One of the difficulties that has faced engineers who examine electrical or mechanical items and / or devices after a fire is that of cleaning the item. The key adage in cleaning is essentially a medical command – primum non nocere, or “do no harm.” The cleaning technique will preferably cause no damage to the artefact being examined. Successful cleaning allows for both microscopic, visual, and SEM / EDX analysis.

In a fire, it is not uncommon for fire artefacts (wires, as an example) to require cleaning. Historical cleaning techniques have relied upon ultrasonic cleaning as a means for debris removal. Ultrasonic cleaning makes use of mechanical (sonic) energy to cause debris to dislodge from artefacts. How successful this technique is depends (in part) upon the energy imparted, the solvent used, and the interface between the wire and the debris. In the case of partially pyrolyzed PVC insulation, there are conditions that occur (depending upon the state or extent of pyrolysis) where no amount of mechanical agitation will remove the fire debris.

Oxides can be removed from wires by the use of surfactants or cleaners, some of which can have an etching effect on the metal. Treatments such as Alconox  or Simple Green  sometimes work sufficiently, while a more aggressive oxide remover (Branson OR)  relies on citric acid to help clean the wires. With more aggressive reagents, the user runs the risk of etching the metal and ruining the surface finish.

The writers describe a technique for removing fire debris from metal objects (wire, CSST) for use in removing fire debris. The technique is referred to as plasma ashing . In plasma ashing, a vacuum is created around the artefact, and a carrier gas is introduced (such as O2). An RF field (13.56 MHz) is applied, and the oxygen takes on a monatomic state. Essentially, a plasma i s created, and the monatomic O is free to react with organics associated with the fire debris. This process is also referred to as a glow discharge . The end result is that organics are removed from the artefact, and the ashing takes place at low temperatures – sufficiently low such that grain structure of the metal is not changed. This technique is essentially what is used in one of the manufacturing steps for making integrated circuits (ICs). As such, it imparts sufficiently low energy such that crystalline semiconductor structures are not damaged.

We compare and contrast plasma ashing with other modalities of cleaning. More particularly, we note (through visual microscopy) the efficacy of ashing and ultrasonic cleaning, as well as material removal rates. We show that despite its relative expensive capital costs, ashing represents a cleaning technique that does what other modalities fail to do – consistent removal of organic debris with no damage to the underlying substrate.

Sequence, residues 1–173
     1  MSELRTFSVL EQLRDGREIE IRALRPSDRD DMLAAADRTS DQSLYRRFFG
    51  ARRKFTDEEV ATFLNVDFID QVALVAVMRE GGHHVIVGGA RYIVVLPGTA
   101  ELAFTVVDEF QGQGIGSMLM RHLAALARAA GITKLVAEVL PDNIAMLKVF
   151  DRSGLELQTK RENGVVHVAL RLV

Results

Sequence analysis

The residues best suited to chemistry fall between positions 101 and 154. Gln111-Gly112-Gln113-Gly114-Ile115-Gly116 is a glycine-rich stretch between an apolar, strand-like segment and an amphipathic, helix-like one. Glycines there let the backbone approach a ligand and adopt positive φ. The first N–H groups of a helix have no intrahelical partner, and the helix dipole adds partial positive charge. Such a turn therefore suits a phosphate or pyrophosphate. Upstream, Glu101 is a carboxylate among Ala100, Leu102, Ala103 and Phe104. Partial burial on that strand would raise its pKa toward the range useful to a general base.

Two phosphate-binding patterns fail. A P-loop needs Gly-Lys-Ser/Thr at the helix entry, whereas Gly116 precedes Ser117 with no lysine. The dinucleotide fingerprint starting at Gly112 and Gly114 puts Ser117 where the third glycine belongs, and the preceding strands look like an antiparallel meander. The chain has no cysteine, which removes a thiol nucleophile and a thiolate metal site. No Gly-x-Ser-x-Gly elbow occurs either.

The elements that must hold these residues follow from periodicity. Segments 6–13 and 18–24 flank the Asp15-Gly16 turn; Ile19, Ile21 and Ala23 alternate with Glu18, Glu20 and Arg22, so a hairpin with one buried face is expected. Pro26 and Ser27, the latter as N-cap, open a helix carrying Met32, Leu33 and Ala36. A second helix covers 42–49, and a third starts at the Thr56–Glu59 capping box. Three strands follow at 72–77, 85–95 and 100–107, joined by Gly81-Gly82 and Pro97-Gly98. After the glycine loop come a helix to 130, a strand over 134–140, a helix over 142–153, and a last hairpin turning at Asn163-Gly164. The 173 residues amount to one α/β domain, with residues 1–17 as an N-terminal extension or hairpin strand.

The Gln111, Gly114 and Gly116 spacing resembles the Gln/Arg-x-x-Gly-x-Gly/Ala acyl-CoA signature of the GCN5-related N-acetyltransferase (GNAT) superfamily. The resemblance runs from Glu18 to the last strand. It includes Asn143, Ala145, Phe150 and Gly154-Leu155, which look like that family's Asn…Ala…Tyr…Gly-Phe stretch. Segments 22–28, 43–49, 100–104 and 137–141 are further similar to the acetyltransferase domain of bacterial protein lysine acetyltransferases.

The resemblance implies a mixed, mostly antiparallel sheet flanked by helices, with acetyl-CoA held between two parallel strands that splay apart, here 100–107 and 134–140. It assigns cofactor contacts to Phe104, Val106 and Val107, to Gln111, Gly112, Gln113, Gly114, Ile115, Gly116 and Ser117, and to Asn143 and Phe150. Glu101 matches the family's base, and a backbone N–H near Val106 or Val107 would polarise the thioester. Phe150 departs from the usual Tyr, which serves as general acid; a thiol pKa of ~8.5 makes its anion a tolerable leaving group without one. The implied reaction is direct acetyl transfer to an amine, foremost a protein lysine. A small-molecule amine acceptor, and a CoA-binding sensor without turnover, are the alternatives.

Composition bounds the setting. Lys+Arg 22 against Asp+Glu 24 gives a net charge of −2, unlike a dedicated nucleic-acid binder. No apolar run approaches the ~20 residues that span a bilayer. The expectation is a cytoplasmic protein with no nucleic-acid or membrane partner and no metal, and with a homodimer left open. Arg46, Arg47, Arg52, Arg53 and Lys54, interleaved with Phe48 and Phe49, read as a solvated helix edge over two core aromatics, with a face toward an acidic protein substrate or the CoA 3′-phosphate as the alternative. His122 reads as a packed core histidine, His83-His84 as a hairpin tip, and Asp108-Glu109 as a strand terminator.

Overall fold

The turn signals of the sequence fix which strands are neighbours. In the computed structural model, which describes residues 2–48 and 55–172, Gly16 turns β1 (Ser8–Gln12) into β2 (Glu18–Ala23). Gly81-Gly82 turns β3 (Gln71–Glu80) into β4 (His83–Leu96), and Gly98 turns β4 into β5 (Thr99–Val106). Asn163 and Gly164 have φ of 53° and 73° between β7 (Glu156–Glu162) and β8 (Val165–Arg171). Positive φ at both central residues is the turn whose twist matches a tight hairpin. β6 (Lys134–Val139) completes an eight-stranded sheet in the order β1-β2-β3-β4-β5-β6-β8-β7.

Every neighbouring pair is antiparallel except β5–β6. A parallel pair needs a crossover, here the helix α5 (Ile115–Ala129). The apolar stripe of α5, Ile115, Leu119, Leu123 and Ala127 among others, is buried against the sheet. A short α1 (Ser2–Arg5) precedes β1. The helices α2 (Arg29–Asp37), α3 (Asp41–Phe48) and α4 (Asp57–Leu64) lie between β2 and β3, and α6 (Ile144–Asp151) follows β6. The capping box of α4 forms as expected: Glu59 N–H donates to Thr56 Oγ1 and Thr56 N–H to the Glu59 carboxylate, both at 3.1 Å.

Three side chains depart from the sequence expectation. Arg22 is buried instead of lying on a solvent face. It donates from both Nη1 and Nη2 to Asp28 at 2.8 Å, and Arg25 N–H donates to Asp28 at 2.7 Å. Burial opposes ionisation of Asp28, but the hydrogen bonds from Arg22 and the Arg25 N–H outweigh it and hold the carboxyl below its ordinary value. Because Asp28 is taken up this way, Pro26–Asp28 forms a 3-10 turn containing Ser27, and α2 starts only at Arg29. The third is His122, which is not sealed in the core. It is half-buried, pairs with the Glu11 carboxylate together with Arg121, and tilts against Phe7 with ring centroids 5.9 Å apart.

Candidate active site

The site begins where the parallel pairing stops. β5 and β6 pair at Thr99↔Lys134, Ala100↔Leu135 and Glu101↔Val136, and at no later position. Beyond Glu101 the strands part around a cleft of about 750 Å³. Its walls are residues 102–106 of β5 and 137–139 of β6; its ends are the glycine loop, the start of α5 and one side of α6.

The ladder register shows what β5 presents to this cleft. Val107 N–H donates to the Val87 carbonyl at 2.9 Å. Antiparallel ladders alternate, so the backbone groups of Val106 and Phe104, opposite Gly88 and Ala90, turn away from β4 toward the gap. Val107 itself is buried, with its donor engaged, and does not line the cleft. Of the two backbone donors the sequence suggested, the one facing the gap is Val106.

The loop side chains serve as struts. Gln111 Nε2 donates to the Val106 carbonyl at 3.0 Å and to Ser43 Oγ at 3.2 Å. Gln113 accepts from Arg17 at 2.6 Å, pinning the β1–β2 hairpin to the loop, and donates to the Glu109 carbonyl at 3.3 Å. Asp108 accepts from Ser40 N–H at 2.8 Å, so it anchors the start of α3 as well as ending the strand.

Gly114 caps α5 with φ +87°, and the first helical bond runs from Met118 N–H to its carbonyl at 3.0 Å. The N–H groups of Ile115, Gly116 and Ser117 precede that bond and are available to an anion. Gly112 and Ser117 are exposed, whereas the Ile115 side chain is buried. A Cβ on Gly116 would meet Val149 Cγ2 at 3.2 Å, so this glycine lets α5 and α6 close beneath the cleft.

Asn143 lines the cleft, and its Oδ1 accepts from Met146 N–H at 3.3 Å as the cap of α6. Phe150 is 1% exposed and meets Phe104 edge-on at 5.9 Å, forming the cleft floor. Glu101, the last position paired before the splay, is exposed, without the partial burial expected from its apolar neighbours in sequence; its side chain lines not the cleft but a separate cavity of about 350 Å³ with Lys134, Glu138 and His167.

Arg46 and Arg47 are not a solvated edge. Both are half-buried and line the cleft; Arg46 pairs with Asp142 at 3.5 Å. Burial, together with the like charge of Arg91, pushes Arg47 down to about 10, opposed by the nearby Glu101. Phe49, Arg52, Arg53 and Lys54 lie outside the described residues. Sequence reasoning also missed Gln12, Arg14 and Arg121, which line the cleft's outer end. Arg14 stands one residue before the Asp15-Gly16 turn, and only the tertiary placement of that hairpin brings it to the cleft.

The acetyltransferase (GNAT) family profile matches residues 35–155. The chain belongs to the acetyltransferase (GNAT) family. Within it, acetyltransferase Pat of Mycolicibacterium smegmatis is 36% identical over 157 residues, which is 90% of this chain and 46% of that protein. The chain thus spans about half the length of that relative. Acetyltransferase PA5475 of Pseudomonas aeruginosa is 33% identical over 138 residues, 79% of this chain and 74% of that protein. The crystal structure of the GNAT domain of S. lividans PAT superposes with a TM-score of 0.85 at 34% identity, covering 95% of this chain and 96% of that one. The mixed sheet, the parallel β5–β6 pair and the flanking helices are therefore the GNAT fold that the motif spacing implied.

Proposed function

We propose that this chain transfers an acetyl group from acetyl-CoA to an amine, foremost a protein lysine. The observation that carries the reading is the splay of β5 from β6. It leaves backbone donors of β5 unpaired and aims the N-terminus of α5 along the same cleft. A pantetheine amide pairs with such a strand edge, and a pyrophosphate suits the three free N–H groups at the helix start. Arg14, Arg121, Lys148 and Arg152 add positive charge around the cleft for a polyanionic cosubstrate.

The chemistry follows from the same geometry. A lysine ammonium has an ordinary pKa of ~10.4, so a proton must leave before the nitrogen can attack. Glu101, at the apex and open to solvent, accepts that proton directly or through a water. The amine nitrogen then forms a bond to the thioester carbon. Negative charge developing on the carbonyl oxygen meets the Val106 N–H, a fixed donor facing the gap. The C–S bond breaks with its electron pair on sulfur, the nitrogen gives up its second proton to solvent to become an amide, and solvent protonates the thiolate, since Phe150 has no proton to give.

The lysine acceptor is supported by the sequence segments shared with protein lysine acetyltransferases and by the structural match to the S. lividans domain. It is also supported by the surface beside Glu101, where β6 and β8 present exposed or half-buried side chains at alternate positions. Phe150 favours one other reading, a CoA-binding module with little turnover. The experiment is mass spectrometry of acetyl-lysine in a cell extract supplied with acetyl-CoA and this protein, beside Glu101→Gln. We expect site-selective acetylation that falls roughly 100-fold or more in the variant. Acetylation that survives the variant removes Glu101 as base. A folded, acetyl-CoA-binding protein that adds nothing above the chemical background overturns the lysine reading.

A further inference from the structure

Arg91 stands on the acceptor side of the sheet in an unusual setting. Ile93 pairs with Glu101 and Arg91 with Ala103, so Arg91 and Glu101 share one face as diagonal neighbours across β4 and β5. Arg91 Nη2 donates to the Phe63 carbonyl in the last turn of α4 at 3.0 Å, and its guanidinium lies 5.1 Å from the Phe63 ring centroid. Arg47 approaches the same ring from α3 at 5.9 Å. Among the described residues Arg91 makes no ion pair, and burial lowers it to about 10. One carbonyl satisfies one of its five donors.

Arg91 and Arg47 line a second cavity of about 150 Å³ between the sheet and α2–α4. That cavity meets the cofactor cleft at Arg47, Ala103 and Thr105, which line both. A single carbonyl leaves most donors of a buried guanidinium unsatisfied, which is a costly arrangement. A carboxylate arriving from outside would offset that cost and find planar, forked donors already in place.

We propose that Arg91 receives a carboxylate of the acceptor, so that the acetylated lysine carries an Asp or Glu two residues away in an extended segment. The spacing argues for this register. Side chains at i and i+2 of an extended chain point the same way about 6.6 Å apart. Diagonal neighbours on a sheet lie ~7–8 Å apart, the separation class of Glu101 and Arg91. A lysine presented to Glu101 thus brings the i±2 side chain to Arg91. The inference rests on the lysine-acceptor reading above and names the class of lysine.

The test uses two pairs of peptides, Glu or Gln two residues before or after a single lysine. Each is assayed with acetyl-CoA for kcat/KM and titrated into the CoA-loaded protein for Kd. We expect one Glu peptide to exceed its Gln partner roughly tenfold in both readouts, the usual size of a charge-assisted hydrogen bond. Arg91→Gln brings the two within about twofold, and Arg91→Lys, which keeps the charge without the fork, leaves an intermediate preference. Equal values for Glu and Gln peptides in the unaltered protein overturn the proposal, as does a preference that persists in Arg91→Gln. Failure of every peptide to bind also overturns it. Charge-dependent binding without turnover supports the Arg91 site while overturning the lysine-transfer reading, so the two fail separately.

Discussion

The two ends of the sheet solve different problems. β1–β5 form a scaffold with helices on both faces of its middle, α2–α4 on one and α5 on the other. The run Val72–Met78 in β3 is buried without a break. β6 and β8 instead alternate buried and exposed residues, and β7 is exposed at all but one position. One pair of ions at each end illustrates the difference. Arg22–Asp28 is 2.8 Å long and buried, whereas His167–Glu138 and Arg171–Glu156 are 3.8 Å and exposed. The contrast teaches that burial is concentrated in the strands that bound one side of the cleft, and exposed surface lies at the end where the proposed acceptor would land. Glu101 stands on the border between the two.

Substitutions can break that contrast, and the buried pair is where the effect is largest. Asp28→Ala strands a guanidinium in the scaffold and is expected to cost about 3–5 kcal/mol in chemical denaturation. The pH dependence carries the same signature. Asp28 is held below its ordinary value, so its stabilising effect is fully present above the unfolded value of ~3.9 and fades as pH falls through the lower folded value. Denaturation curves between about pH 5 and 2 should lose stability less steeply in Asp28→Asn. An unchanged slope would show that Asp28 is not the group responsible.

Download the complete paper here


1984, Feb 25:  Explosion kills hundreds in Brazil

On February 25, 1984, a huge explosion destroys a shantytown in Brazil, killing at least 500 people, mostly young children. An investigation into the disaster later revealed that the true death count was impossible to know because so many bodies had in effect been cremated in the intense blaze.

The shantytown in Cubatao, 30 miles southeast of Sao Paulo, was known as the Vila Soco favela. Approximately 9,000 people had set up makeshift homes on land that was owned by Petrobas, the state-run oil monopoly. Gas pipelines operated by Petrobas ran next to the slum. When workers opened the wrong pipeline on February 24, highly combustible octane gas poured into the ditches of Vila Soco. Soon after midnight, an explosion was sparked, and a fireball ripped through the favela. Some homes were literally thrown hundreds of feet into the air; others were instantly incinerated. The temperature at the heart of the fireball was estimated at 1,800 degrees Fahrenheit.

A day later, only 86 bodies had been recovered. None of the remains were of children below the age of seven, though investigators later found that more than 300 children aged three to six had been enrolled in a local school prior to the explosion and that only 60 were known to be alive. Coroner Affonso Figueiredo reported, “Since whole families were killed, there was no one to report the children’s death or disappearance.” It is believed that more than 500 people in all were killed.

Source: History.com


1967, Jan 27: Astronauts die in launch pad fire

A launch pad fire during Apollo program tests at Cape Canaveral, Florida, kills astronauts Virgil “Gus” Grissom, Edward H. White II, and Roger B. Chafee. An investigation indicated that a faulty electrical wire inside the Apollo 1 command module was the probable cause of the fire. The astronauts, the first Americans to die in a spacecraft, had been participating in a simulation of the Apollo 1 launch scheduled for the next month.

The Apollo program was initiated by the National Aeronautics and Space Administration (NASA) following President John F. Kennedy’s 1961 declaration of the goal of landing men on the moon and bringing them safely back to Earth by the end of the decade. The so-called “moon shot” was the largest scientific and technological undertaking in history. In December 1968, Apollo 8 was the first manned spacecraft to travel to the moon, and on July 20, 1969, astronauts Neil A. Armstrong and Edwin “Buzz” Aldrin Jr. walked on the lunar surface. In all, there were 17 Apollo missions and six lunar landings.

Source: History.com


The Application and Use of Digital Multimedia Evidence in Fire Investigations

 

James H. Shanley, Jr., PE, CFEI, CFI, MIFireE
Travelers Engineering Laboratory
and
James T. Noll
Travelers Engineering Laboratory

Presented at International Symposium on Fire Investigation, 2014

ABSTRACT

Digital multimedia is created in many forms and with increasing frequency with digital security systems, monitoring cameras, smart phones and other devices. Digital equipment and media obtained from these investigations should be handled in a specific way to preserve its integrity as potential evidence. In addition, Digital Multimedia may contain embedded data that can be clarified or analyzed to increase its value in a fire investigation.